Hands up if you’ve heard any of these phrases thrown about; ethical fashion; sustainable fashion; slow fashion. These are common phrases that brands and suppliers are using on a daily basis without actually being or offering either.
Sustainability is a term now commonly used across the globe as consumers become more aware of the harm production of goods can cause the planet. Many suppliers, factories and brands claim to be sustainable in an attempt to win over customers loyalty, however many are simply using the term rather than following the meaning.
Consumerism, oversupply and little regard for the planet has resulted in the world eventually waking up to the fact we have severely damaged our planet and we cannot continue to strip it of its resources.
Sustainable is the future and as an industry, we need to act fast as fashion is the second biggest polluting industry in the world behind Oil and Gas.
Sustainability is about the entire production process and lifespan of the product and the impact it has on the planet. 100% sustainable is almost impossible to achieve as this has zero impact on the planet by using no power, water, resources, fuel, transport or chemicals to produce, sell and dispose of after use. The only truly sustainable things in the world are natural, self-populating things such as plants.
When brands claim they make a sustainable T-shirt, we need to remember that to get the T-shirt from raw ingredients to the consumer, the T-shirt production and delivery needs power, water & transport. Sure, aspects of the T-shirt may be sustainable, for instance, they use Organic Cotton, but nobody is talking about the carbon footprint to product and ship the T-shirt or the 27,000Ltrs of water used to grow the cotton to produce just 1 T-shirt.
So, 100% sustainable isn’t possible unless we farm our own sheep, shear them, spin the wool and knit our own garments. There are however sustainable solutions to many of the harmful aspects to the production of garments. We can use natural fibres that grow fast and use little water. Wool and Tencel are great examples of this.
We could produce more locally to the source of the raw ingredients and where the goods will be sold and perhaps produce in a factory that uses solar power and heat source pumps to power their factory.
We could produce less, thinking about what you will actually sell rather than what you would like to sell, and we could design the product to be classic and timeless and build them better, so they last longer. This leads us onto Slow fashion, which is the opposite of Fast Fashion.
Fast Fashion is trend-led, usually low quality, quick turnaround, cheap clothes that are in fashion and last for one season and then thrown away. We know the key players here, with jeans that sell for £4 and constant sales to move unwanted overbuys that greedy fashion buyers purchased to hit their targets.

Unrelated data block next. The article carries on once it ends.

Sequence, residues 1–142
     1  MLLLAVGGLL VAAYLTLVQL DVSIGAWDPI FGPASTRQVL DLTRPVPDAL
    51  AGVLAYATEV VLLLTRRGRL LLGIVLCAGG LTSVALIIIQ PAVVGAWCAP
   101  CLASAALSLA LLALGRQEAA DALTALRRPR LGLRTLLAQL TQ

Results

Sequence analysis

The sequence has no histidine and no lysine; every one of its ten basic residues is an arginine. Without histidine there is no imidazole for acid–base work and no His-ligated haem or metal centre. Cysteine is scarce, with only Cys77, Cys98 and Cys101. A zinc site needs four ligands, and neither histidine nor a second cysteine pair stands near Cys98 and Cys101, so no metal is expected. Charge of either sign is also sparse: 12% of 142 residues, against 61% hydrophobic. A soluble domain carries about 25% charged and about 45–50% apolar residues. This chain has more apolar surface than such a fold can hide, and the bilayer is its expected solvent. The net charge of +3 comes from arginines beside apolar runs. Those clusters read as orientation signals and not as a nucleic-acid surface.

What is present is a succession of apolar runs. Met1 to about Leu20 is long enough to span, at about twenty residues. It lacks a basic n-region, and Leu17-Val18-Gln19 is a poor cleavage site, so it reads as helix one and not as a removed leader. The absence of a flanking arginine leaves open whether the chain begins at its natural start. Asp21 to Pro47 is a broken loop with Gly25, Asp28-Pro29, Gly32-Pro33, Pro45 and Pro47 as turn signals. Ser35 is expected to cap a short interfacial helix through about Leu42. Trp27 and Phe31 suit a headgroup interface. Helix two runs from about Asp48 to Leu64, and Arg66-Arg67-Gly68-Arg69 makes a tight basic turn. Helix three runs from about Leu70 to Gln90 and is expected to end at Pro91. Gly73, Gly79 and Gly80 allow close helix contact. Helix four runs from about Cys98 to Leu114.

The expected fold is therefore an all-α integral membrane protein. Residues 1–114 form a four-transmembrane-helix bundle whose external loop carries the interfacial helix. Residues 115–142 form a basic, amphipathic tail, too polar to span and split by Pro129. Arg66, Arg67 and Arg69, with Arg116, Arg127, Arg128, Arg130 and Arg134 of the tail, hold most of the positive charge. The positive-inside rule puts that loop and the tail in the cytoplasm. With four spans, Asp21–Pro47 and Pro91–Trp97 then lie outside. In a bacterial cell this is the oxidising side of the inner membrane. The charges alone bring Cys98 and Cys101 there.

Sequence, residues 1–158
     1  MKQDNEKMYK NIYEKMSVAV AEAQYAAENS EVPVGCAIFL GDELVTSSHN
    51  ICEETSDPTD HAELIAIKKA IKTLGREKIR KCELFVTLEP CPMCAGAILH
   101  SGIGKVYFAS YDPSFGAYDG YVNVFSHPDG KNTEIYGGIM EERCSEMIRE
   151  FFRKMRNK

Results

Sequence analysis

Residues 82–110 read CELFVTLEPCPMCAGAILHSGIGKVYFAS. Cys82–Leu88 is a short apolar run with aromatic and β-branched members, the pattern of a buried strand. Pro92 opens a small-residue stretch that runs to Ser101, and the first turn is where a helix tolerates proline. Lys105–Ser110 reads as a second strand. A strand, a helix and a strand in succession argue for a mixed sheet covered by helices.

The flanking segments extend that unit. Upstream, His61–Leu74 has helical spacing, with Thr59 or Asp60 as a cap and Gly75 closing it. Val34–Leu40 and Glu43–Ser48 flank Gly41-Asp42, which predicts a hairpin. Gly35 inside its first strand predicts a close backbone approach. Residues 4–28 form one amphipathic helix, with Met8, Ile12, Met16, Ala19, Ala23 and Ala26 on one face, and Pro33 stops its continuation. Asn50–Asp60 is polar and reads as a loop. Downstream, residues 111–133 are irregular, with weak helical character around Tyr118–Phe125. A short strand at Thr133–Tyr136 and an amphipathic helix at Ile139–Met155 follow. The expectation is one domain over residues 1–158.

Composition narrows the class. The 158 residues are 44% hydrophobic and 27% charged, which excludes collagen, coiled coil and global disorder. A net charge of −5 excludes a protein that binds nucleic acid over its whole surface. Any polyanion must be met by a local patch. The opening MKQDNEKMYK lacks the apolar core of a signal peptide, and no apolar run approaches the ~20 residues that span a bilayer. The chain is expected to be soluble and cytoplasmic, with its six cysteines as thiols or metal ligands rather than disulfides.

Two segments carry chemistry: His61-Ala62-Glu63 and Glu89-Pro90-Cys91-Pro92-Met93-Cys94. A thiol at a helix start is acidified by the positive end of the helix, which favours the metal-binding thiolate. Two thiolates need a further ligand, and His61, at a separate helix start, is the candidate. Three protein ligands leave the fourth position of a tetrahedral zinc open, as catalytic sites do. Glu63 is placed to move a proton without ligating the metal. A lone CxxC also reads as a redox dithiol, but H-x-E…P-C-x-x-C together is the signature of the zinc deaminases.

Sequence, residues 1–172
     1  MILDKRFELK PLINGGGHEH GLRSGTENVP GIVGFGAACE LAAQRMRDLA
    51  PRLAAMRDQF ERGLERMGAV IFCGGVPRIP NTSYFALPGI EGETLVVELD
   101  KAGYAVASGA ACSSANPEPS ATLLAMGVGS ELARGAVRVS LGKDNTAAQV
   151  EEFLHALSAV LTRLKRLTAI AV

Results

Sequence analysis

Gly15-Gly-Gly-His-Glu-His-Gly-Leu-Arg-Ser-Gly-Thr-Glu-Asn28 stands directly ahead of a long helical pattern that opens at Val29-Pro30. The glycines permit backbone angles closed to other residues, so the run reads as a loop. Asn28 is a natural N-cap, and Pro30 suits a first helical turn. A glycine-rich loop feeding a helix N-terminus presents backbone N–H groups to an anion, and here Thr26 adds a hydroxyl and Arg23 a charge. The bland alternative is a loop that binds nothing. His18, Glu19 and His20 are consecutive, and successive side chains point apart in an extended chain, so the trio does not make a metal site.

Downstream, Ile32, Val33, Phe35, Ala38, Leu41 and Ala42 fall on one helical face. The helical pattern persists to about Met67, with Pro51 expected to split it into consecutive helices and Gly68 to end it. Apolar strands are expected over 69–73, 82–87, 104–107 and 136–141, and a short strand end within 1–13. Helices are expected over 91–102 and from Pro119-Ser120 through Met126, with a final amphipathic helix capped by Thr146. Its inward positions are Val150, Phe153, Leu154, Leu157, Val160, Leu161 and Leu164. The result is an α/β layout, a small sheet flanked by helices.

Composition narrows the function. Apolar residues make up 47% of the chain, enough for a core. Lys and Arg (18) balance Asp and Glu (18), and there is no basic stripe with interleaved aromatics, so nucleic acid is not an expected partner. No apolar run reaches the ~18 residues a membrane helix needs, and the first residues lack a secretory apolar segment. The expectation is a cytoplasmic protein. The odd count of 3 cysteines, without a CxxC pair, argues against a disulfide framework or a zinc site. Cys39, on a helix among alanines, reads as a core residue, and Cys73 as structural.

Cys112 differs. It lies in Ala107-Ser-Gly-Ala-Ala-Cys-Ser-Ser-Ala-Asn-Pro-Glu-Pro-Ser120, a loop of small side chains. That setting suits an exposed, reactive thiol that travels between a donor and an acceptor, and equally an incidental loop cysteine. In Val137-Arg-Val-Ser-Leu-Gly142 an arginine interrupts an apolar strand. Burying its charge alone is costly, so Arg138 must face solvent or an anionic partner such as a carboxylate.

Slow fashion is about the long term. Classic styles that will last longer, always remain cool but not trend-led and purchased in a more sustainable way to reduce the impact on the planet. They are usually produced to a higher standard and in limited numbers.
Ethical fashion is linked heavily to Slow Fashion with total transparency on where it’s made, who made what part and making sure the workers along each stage of the production are paid a fair wage in good working conditions. Many big brands and fast-fashion retailers claim they audit factories, many of who will do this; however, they only audit the final sewing factory and few dig any deeper than this.
Some questions never asked-:
Who picks the cotton from the cotton fields (often children)?
Who produced the fabric and components?
How are these ingredients shipped?
Who prints the fabric?
Is the factory audited to produce the goods actually subcontracting them out to 3rd party factories?
It’s only when the industry starts to question the full supply chain can we be certain that every aspect of the production process has been managed ethically rather than simply ticking a marketing box and auditing only one small aspect of the production process.
If you have read this far, hopefully, you can see that ethics and sustainability are core beliefs behind Blue Associates Sportswear and we work heavily in this area with many of our clients that share this belief. We have a huge library of ethically and sustainably sourced fabrics and our factories have strict environmental strategies in place to make sure their production has a reduced effect on the planet in terms of waste and power.
If you are interested in producing ethical or sustainable sportswear for your brand, please get in touch and see how we can help.